"I remember I was actually at a barbecue with friends on a sailboat in Marina del Rey, and I was just sitting under the stars thinking, 'Wow, I think that this might actually work out," Beckett said.
"Yeah, and I knew those numbers going into it so when that number came up, I was like, 'wow, this is amazing,'" Beckett said.
The phenomenon grew. There were tribute and parody sites. A band in Montreal built an exact replica of Bree's room for a music video. Bree received so many e-mails, the guys were forced to bring in Greg's wife -- an entertainment lawyer -- to assume her online identity.
From High Hits to Trouble Looming
Before long, this humble room became one of the most examined sets in the history of Internet entertainment. Sharp-eyed fans noticed the one clue placed by the storytellers early on -- a picture of Alistair Crowley, master of the occult.
This decidedly dark twist touched off a furious online debate over the religion of Bree's parents.
"My parents promised that they would go talk to some of the deacons and tell them that I'm not going through with the ceremony," Bree said.
And gaining force on the Internet message boards were the skeptics -- fans who believed Bree might be too good to be true.
"You know real early on. I'd have to say the second or third video, we would have people commenting right on the page saying 'fake' or 'actress.' And me personally, when I came onboard I said, 'What you can't do ever ... you can't ever lie to people.' If people say to you, 'Are you an actress?' 'Are you fake?' you can't say no. You can ignore it," Greg said.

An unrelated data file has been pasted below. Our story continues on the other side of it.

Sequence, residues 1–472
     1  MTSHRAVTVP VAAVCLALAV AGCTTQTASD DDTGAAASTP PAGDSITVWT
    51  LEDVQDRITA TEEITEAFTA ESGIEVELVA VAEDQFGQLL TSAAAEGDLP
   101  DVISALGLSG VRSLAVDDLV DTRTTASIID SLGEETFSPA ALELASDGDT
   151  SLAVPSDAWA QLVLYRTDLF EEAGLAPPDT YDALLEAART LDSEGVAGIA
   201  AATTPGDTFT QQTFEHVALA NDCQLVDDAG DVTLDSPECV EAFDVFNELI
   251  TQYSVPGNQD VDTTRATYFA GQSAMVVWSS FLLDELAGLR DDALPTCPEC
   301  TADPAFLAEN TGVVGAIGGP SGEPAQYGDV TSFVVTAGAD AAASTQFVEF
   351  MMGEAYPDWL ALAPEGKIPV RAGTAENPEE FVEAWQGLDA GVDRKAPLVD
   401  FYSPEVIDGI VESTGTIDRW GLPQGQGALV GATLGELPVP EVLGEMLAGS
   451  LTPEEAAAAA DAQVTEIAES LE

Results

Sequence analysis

"There were multiple points of speculation, but they ranged from 'this is an advertising campaign for X product.' They didn't know what product," Beckett said. "Target was one, which we went to because it wasn't that expensive. They thought it was an ad campaign for purple monkey puppets. They thought it was an ad campaign for pink feather boas. They thought crazy things like maybe it will be an ad campaign for Coca-Cola further down the road."
Eventually, a trio of Web sleuths tracked Bree to lawyer Amanda Solomon's office at Hollywood's esteemed Creative Artists Agency. People suddenly assumed Lonelygirl was some sort of Hollywood project -- a TV show or movie like "The Blair Witch Project."
The truth was that even the creators weren't sure what they wanted. Flinders and Beckett admit they had "absolutely no plan."
But wasn't there a sense of betrayal for all those computer geeks out there who thought they had found their soul mate in this gorgeous young lady who loved Richard Feyman and e.e. cummings? Even Beckett said he's disappointed.
"I think I'm still looking for that girl," he said.
People didn't demonstrate any backlash. Flinders says viewership actually tripled in just a week.
"There was initial anger, but people got over it and stayed fans," Amanda said.
Although the Lonelygirl15 crew is on the cover of "Wired" magazine this month, and they have plenty of meetings with agents and producers, the goal is to stay relevant for a long time.
And of course, how will they make money on it? They say they don't have that answer right now.
"We are still draining our savings accounts and maxing out our credit cards," Beckett said. "We actually recently put up a donation button on our Web site because our fans told us to. Because we told them we were running out of money, and through the generosity of our fans we can actually pay our actors, who are the only people who are getting paid right now."
Pursued by her parent's cult, Lonelygirl15 has now fled home, forced to check in with the audience from seedy motel rooms.
"We look at it as we've created a popular show, so we have no intention of letting that popular show go away anytime," said Greg Goodfried, an entertainment lawyer and Solomon's husband. "We have plot points built out for a very long time, and multiple characters coming in, and we want the show to live for as long as the fans want to watch it."
In otherwords, users will get to watch Bree grow up.